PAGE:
The Need For Speed; 14 Day Closes; APPRAISALS REMAIN THE PROBLEM


    We are bringing our 14 Day Closes back in full force now, but with certain caveats.

    We cannot close the following transactions in 14 days: (1) Condos – because we have to wait for HOAs; (2) Jumbos – because underwriting and required appraisal reviews take longer; (3) Complex self-employed borrowers because of longer underwriting times and more conditions; (4) Deals in areas that have appraisal issues (reason for explanation below); and (5) Deals involving notoriously slow escrow officers (this has been a major problem in Texas, as we need everyone on board to close quickly).

    We also can’t start the 14-day countdown until after the “option period” ends in Texas.

    So, what deals can we close in 14 days?

    Here are the criteria we must see: the transaction must go into contract on a Tuesday at 10 AM; the borrower must be 6 foot, 2 inches tall with a FICO of exactly 822; the borrower should be able to dunk (goes without saying); the borrower must prefer cheeseburgers over hamburgers; the property must be exactly 1,975 sq. ft. with nine closed “model match” comparable sales within 100 yards of the subject property; and the borrower must pay all cash….

    OK… I jest but only little.

    We can, however, close about 70% of our transactions in 14 days, but the borrowers just need to be relatively clean, pre-underwritten, and buying in areas where appraisals can be obtained in 4 business days or less.

    Buyers and agents need to check with us every time before offering a 14-day close.


    Interest rates remain about 3/8% to 1/2% higher than where they were at the end of last year.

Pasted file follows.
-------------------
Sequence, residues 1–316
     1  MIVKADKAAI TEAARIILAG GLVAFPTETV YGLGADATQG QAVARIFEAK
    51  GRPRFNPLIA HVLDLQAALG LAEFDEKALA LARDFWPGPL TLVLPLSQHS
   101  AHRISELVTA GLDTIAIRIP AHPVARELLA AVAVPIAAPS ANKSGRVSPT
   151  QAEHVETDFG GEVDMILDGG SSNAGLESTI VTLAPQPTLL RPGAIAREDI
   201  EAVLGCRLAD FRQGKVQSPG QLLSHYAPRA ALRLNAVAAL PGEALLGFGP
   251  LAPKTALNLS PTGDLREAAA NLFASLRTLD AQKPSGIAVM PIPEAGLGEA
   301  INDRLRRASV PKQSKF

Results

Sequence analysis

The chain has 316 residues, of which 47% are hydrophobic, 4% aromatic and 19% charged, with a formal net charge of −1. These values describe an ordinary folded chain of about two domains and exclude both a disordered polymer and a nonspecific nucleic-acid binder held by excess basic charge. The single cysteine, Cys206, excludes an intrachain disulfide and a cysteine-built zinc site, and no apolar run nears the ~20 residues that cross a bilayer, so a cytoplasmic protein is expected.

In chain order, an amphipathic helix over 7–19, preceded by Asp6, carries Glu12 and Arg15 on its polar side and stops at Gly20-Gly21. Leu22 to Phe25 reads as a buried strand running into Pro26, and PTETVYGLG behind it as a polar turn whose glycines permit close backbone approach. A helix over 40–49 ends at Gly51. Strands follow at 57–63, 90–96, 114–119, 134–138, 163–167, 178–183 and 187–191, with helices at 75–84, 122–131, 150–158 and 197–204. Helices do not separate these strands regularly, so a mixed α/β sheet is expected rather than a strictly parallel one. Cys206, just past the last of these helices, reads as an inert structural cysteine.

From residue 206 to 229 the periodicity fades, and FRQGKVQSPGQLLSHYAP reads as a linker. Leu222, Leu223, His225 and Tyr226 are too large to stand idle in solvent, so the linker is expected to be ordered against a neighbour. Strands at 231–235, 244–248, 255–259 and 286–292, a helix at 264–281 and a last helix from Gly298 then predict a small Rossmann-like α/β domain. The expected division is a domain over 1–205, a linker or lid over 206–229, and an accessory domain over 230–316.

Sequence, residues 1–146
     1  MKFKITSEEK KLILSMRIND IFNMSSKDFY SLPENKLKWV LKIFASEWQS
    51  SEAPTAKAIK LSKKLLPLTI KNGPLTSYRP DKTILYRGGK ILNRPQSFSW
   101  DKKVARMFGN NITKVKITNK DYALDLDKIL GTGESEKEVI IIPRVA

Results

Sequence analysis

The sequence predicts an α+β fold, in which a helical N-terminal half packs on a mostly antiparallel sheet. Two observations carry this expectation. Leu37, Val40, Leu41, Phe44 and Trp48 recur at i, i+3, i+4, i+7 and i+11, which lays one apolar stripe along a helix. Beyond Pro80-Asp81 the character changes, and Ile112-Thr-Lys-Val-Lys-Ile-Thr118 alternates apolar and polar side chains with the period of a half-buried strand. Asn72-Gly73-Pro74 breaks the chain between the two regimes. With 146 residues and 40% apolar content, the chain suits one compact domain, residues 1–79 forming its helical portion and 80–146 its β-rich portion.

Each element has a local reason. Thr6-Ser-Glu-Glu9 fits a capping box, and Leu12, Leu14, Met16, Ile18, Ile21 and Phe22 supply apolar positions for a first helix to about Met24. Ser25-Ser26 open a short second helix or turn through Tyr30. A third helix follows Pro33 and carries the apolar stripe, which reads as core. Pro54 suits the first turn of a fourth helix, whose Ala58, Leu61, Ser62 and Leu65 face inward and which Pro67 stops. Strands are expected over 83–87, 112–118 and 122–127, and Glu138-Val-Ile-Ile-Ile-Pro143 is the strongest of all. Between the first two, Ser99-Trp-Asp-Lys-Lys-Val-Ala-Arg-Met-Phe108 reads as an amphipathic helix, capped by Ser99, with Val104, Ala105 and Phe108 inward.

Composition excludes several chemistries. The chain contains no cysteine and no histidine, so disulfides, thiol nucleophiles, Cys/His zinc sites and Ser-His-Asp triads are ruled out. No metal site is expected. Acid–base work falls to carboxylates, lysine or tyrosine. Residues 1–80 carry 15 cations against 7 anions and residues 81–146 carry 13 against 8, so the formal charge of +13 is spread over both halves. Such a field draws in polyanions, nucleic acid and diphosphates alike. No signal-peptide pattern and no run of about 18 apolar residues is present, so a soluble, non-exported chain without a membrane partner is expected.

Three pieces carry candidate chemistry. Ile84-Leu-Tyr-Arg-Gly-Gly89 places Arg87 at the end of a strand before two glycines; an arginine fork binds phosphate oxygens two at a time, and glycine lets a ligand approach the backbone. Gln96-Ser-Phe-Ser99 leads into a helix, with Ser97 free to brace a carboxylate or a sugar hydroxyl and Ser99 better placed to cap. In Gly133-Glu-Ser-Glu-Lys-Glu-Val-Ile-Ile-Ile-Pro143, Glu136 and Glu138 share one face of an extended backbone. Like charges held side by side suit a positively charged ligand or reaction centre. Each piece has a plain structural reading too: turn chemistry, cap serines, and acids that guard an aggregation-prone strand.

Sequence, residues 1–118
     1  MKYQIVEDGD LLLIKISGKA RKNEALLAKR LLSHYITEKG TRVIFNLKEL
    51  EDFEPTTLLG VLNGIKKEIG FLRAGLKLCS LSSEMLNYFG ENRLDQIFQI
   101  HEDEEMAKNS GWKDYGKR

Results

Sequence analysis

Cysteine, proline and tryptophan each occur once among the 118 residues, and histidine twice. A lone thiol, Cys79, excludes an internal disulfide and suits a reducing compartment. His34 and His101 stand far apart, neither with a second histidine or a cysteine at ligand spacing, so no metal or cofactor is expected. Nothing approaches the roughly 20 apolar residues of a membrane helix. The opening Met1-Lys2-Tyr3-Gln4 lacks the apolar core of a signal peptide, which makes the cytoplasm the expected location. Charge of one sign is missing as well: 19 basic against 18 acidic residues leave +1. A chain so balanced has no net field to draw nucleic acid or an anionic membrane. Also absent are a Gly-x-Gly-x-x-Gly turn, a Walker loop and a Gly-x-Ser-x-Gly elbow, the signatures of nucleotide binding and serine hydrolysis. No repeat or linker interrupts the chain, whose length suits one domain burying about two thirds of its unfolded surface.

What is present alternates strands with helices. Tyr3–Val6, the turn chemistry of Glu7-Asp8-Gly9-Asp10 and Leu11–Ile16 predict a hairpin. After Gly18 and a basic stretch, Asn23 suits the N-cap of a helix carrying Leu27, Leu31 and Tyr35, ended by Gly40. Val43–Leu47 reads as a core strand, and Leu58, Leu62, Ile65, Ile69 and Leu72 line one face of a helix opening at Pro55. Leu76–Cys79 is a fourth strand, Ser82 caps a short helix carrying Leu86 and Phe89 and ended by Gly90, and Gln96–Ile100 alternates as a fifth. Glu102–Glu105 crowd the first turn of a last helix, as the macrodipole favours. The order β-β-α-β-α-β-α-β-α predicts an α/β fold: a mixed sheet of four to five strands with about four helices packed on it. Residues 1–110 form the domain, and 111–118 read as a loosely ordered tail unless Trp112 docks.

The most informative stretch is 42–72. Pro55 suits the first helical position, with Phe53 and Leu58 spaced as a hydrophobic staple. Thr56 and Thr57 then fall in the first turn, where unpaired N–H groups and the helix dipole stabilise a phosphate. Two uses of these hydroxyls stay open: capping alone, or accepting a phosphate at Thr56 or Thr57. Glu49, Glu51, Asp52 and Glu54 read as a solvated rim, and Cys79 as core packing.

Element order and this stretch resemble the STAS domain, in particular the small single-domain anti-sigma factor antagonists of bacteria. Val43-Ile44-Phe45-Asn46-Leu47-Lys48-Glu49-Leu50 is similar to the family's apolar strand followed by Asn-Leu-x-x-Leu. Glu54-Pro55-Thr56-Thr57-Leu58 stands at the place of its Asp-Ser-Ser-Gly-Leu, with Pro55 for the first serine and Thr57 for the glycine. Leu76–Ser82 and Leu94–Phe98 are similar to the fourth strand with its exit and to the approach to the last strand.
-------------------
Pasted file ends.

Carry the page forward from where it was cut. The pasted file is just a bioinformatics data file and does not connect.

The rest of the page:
So, while they remain amazingly low, they are still high enough to staunch the refi explosion that was clogging up every lender’s pipeline last year.

    I personally looked forward to the refi slowdown because I mistakenly believed that it would result in a surplus of available appraisers, resulting in better service and lower fees.

    I also mistakenly believed that COVID relief would increase the availability of appraisers, given that many of them are older and thus at more risk from COVID.

    BUT, despite the drop-off in refis and COVID relief, appraisers remain in very short supply.

    $900 TO $2,000 FEES

    So much so that we are now paying $900 for standard appraisals with a rush fee that we absorb, and up to $2,000 for appraisals in some markets (like Austin, TX).

    So, why is there an appraiser shortage still?

    1. Appraisal Waivers For Refis. One of the reasons the refi drop-off is not resulting in more appraiser availability is because so many refis did not require appraisals at all because of the increased prevalence of appraisal waivers.
    2. Appraisers Burned Out. Our Appraisal Manager is a licensed appraiser herself who personally knows most of the appraisers on our panel, and she reminds me often that most of them are simply burned out from the excess amount of work over the last year. As a result, many of them are just cutting back.
    3. Appraisers On Vacation. This is a major factor and also somewhat encouraging, as it implies that relief may be on the way. Many appraisers are simply on vacation now because they can finally travel safely with far less concern over COVID.
    4. Appraisers Are Old/Retiring. The average age of a licensed appraiser is 113, give or take (I am allowed to make that joke because I am old too 😊). In any case, appraisers have been retiring in droves because they are simply hitting retirement age and that urge to retire was exacerbated by both the burnout and the money earned over the last year.


    Agents and borrowers should expect continued appraisal delays in many markets, and much higher appraisal fees.

    I should add though that we eat the “rush fees” ($150 to $500) that we offer to entice appraisers to take our orders.

    Jay Voorhees
    Founder/Broker | JVM Lending
    (855) 855-4491 | DRE# 1197176, NMLS# 310167

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